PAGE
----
Navin Dargani, left, and Navin Manglani, have been together for six years
Both had fears about what their
son’s futures would hold without a
Manglani and Dargani spent mon-
ths fielding questions, some more awkward than others.
They discussed safe sex, AIDS/HIV, sex changes and how
transgender is different from homosexual, if it was possible
to marry a woman to satisfy society and keep their sexual ori-
entation a secret and if they were born this way, or made a
choice to live this way. And both agree that honest and open
communication between them and their parents is what cre-
ated the solid foundation they built their relationship on.
But after years of intense education about homosexuality
by the couple — who met on Friendster, a social networking
site, in 2005 — perceptions and attitudes changed.
Dramatically. Both Manglani and Dargani say they fully
realized the brave and unconditional nature of their parents’
love, eventually fearless of how their communities would
respond to their gay sons.
Already living together in Manhattan’s Murray Hill,
Manglani and Dargani made the decision to take their rela-
tionship to the next level and formally commit to each other
in front of their closest friends and families.
“At first, the wedding was a difficult concept for our par-
ents to grasp, that we were doing this partly because we want
to kind of open the floodgates,” said Manglani. “We want to
show people that it’s no big deal and that there’s no reason to
be ashamed of this. You know, like we’re doing this also
because we want to set an example.” It worked.
The San Francisco sangeet and Sonoma commitment cer-
emony and reception was a historical moment in the Indian-
American immigrant experience. It marked the start of a
transformation in the mindset of a community. Supported
by their immediate and extended family and friend circles as
well as friends of both sets of parents, Manglani and Dargani
pledged forever to each other. There was even a Hindu
prayer offered by a pandit, an adorably quirky first dance
and a you-may-kiss-the-groom part that was tender and
sweet. And as if on cue, at the end of the ceremony, two huge
rainbows appeared in the sky.
The rainbow flag is commonly used as the gay pride flag,
symbolizing diversity and inclusiveness.
“It was like the universe saying you’re done right,” says
“Like the heavens approved,” added Manglani.
Post festivities, other young gay Indian men have reached
Inspired by their omance and courage, other young ay Indian men have reached out to the two Navins
out to both Dargani and Manglani for advice.
“You know, if we make a difference in two people’s lives, it’s
so amazing. To know that we’re making it easier for people,”
said Dargani. “Or that other people can just come out and be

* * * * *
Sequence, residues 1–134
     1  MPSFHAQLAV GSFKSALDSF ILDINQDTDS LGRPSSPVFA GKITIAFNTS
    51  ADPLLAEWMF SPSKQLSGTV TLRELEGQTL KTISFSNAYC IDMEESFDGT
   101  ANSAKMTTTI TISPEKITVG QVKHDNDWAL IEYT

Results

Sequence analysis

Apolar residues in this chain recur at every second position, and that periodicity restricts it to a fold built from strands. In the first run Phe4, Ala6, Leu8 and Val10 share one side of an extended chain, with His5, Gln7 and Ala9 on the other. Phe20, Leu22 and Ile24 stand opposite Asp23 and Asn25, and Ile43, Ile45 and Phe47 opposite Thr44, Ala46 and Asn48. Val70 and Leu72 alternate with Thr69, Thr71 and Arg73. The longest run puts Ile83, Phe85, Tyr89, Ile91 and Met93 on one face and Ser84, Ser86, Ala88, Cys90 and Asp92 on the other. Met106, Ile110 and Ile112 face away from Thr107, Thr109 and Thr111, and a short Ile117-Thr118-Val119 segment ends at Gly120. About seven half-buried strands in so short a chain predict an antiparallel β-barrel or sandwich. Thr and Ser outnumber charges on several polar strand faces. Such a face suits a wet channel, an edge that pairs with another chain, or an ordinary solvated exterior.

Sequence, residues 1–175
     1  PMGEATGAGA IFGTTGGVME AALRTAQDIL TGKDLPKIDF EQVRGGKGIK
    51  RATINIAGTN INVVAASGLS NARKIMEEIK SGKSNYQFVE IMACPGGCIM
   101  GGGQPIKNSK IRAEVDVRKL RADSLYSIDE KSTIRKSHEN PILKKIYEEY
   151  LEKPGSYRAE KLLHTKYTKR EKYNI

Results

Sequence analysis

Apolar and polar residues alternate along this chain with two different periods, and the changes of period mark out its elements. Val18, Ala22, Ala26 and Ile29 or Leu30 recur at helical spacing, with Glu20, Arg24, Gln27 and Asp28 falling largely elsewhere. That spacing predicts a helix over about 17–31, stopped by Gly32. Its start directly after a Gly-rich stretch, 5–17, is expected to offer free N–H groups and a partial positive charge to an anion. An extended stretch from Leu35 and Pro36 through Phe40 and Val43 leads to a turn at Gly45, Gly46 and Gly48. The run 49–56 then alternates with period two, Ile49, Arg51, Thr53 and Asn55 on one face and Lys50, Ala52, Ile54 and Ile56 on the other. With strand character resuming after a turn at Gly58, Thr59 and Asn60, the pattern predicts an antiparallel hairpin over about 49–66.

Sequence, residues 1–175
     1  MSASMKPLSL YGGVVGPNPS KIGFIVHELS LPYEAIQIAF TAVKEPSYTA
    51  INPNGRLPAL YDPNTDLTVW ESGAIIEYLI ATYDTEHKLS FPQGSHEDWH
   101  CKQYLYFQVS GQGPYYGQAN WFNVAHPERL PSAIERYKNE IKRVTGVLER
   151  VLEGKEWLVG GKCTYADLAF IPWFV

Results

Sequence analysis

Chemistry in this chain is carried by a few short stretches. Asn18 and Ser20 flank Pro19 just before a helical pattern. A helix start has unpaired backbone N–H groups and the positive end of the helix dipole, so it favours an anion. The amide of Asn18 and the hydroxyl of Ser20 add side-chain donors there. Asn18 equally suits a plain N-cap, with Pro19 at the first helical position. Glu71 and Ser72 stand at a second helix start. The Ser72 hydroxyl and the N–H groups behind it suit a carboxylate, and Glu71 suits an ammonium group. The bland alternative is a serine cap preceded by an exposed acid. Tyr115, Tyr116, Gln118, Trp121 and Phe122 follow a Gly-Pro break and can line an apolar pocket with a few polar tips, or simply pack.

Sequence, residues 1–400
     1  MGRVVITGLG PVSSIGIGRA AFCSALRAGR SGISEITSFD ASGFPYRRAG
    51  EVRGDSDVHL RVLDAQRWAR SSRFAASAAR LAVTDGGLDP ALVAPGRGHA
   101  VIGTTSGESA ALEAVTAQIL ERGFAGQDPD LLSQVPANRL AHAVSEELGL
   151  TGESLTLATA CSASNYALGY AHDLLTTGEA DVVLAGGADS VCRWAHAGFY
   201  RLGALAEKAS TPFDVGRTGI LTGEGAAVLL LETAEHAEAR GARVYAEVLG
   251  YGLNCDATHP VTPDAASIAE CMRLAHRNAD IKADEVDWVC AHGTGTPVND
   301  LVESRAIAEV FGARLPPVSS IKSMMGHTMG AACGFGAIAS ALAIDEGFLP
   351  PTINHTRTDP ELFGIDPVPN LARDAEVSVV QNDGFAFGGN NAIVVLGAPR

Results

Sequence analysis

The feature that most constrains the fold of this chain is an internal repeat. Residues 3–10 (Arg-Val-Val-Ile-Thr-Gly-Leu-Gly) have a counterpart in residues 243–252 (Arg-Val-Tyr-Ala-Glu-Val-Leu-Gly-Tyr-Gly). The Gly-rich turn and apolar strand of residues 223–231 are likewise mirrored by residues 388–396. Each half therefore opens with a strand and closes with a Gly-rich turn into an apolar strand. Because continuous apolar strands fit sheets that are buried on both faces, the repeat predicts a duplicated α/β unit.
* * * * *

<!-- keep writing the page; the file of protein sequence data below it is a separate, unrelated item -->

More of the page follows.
who they are, that they’re not the first so they are not tread-
ing in uncharted waters.”
Added Manglani, “It definitely validated a lot of the deci-
sions we’ve made in the last few years. I feel extremely priv-
ileged to have a family and a partner as supportive as I have.
But I think with that privilege comes a lot of responsibility to
be a role model.” ;
‘I did not want queer people to be invisible’
of gays and lesbians living closeted lives in
India and elsewhere. What impact do you
think a film like this can have on people
who are not out?
You know that scene where I came out on
that show Salaam Zindagi on NDTV? Well,
soon after that show aired, an air hostess
came up to me and asked if I was the same
person on that show. And when I said yes,
she told me a story about her sister, who was
engaged to a man — an arranged marriage
situation, who saw the show on a Thursday
when it first aired and then she called her
sister (the airhostess) on a Sunday when it
was going to re-run and asked her to watch
it. After the show was over, she told her sis-
ter that she too was like me. The air hostess
helped her sister break off the engagement
without outing her sister to her family. I’m
sharing this story because I think that visi-
bility and being out can have an impact on
Through this film, I’m not exactly advo-
cating that everyone should come out of the
closet. I know and acknowledge the fact
that for some, coming out is not even an
option. However, I do hope that the film
makes people in the closet feel less isolated.
I’m also hoping that this film serves as a
resource for people who are struggling to
come out. For instance, I wish that a film
like this existed when I was considering
coming out to my mother.
A scene from I Am, a moving study of the stages
through which some parents of Indian gays and
lesbians accept their children’s sexuality
relationship. My dad is very much alive even
though he’s not in the film.
There are LGBT struggles in India and the
US, even though the US seems far ahead.
What do you think should be the focus of
the LGBT activists in India?
Indians have done a phenomenal job in a
very short time. If one compares the two
movements, Indians have achieved a lot
more over a shorter span of time.
Actually, I think that there are lessons that
people in the US can learn from Indian
activists. For example, this idea of creating
masks for people to wear during Delhi pride
parade was such an innovative idea — one
that allows for people to come out and sup-
port the cause, have their head-counted and
not be outed publicly. I think LGBT activists
in this country could definitely borrow that
In India, parents have taken a huge stand
in advocating for their children’s rights and
are spearheading the Supreme Court case
where the Section 377 decision is currently
being challenged. Such a strong support by
straight allies is integral to movement
building and change. ;